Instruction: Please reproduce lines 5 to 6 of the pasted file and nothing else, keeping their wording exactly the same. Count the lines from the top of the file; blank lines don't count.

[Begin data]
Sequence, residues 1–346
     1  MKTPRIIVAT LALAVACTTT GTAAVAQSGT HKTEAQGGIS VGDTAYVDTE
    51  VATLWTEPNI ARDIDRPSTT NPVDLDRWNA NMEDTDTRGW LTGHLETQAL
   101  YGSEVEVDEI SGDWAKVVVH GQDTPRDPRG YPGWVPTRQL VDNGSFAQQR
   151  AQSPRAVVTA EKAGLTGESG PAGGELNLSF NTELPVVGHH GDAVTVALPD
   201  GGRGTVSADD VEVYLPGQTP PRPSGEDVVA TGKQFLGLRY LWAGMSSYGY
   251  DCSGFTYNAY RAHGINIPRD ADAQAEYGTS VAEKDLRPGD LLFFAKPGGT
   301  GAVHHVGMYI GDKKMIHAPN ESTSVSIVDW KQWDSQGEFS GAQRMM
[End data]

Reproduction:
   151  AQSPRAVVTA EKAGLTGESG PAGGELNLSF NTELPVVGHH GDAVTVALPD
   201  GGRGTVSADD VEVYLPGQTP PRPSGEDVVA TGKQFLGLRY LWAGMSSYGY